In part one of our special report on Native American boarding schools, we brought you the story of two people who attended the Holy Childhood boarding school in Harbor Springs and endured years of abuse at the hands of the nuns running the school.
Now, we’re highlighting the renewed effort to help survivors of the school heal and reinvigorate their Native American culture.
The Holy Childhood boarding school was open in Harbor Springs from the 1800s to the mid-1980s.
Generations of Native American children attended the school. Meredith Kennedy was among the last of the students to walk the halls.
But her connection with the school became even more personal in 2011 when human remains were unearthed during road work around holy childhood.
“We’d been given two days to go and collect our ancestors and we didn’t get all of them, and they’re still under the road, because whoever we couldn’t get got paved back over. When we were working in 2011 you could clearly tell. You cannot mistake a child femur for an adult femur,” said Kennedy.
The discovery only further confirmed long held beliefs that children died at Holy Childhood. Dawn Sineway-Crampton also worked to collect what remains they could,
“It made my gut hurt and it made my heart hurt, because it’s like what did this child do to deserve to walk on or what did somebody do to this child. And that’s the saddest thing, because we will never know the potential, we will never know what these children could have been,” said Sineway-Crampton.
It’s a situation not unique to harbor springs and likely to repeat itself at sites of former schools across the U.S.
Canada faced its own reckoning with the discovery of hundreds of unmarked graves at boarding schools earlier this year, and that prompted a Facebook video from Kennedy.
That spurred a group of survivors of Holy childhood who now meet monthly to heal but also discuss how to share the story of what happened at holy childhood and other Native American boarding schools.
“We need to get this out, we need to let America also have that shame, and we need to no longer be the Indian problem because that’s how us policy has always treated us, as the Indian problem, so we needed to be the Indian solution,” said Kennedy.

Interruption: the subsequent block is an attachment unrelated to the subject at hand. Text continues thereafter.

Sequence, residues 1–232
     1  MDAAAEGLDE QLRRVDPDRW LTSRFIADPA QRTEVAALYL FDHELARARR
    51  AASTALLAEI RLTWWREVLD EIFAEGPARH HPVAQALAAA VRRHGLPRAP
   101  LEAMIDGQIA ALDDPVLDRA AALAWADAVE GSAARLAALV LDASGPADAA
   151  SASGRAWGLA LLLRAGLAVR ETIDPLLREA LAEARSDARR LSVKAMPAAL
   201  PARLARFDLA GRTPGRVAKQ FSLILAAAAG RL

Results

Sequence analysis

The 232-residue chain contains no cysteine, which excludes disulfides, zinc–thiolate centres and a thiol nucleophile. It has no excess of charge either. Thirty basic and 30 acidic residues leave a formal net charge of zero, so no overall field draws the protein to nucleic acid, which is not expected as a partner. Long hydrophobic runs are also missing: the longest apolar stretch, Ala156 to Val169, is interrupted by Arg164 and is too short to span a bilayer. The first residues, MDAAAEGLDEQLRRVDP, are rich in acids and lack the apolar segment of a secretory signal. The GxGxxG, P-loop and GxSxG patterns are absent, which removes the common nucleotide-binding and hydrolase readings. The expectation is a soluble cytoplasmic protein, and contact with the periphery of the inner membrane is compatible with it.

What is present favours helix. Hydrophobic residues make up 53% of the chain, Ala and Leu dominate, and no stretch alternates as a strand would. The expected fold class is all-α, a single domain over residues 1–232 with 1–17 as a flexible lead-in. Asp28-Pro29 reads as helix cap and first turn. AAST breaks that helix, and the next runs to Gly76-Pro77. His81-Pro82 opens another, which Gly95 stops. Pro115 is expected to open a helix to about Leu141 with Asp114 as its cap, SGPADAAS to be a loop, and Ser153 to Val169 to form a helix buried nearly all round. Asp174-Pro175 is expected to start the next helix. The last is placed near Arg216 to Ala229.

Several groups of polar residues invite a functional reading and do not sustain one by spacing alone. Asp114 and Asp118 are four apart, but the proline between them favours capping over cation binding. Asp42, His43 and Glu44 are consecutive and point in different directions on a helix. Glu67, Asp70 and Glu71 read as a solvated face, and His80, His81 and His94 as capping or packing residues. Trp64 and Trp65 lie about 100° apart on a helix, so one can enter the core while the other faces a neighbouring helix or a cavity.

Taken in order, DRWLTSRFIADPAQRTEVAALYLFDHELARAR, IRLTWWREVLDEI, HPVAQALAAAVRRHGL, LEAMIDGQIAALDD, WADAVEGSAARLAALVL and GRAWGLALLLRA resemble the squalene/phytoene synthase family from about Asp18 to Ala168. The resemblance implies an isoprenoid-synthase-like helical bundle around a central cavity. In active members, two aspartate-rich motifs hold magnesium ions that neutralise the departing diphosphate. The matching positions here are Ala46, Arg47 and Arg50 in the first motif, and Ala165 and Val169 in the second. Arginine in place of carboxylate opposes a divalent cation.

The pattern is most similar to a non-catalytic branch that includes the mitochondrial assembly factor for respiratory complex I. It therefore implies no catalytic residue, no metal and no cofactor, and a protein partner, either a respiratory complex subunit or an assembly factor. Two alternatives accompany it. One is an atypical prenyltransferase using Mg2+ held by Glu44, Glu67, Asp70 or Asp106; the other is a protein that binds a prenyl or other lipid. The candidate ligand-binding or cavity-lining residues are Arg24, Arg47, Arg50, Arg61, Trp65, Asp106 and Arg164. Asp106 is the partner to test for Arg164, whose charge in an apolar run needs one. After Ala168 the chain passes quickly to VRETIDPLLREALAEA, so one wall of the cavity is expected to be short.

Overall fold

Washington D.C. is also taking action.
Interior Secretary Deb Haaland, the first Native American to hold a cabinet position, has ordered a review of U.S. Native American boarding school policies.
She’s tasked former Bay Mills tribal president Bryan Newland with compiling the report.
Newland currently serves as Assistant Secretary of Indian Affairs at the Interior Department.
The report is expected to detail historic records along with possible burial sites.
“We’re all putting our hopes in that her imitative will put the truth out and start the healing and justice and reconciliation. The biggest thing of it is the impact boarding school did to generations, the intergenerational trauma, the unresolved grief and then we carry that burden and pass it down to our kids,” said Holy Childhood Survivor Linda Cobe.
“For all of my ancestors under this road and my relatives, they deserve a proper burial. My families within my community, deserve healing, my families deserve to say, for the next seven generations, we are going to heal and we will be a people that we know we are and we have always been,” said Kennedy
For years, Native American boarding schools witnessed unspeakable horrors: a dark history that for decades stayed silent but now begs not to be forgotten.
And now a new chapter in the history of these schools is opening, and for the survivors, their story, in many ways, is just beginning.
“We’re not looking for people to feel guilty, we’re just looking for them to say wow,” said Kennedy.
“It’s very sad because at first we always thought it was just us and here it is it happening all over the world and for so long, but I say the time is now, now that everybody is talking all over the world,” said Holy Childhood Survivor Kim Fyke.
“It’s like a freedom to be who you were meant to be and for our communities to heal, there’s so much that needs to be done in the healing process,” said Cobe.
Newland said back in a statement back in September:
“Engaging tribes is a necessary step as we work to shed light on what happened at federal boarding schools and chart our path forward. These conversations will not be easy, but they are critical as we truly investigate the legacy that these institutions left behind.”
That report is expected to be complete in April of next year.
You can listen to our full interviews with Kim, Linda and Meredith in our
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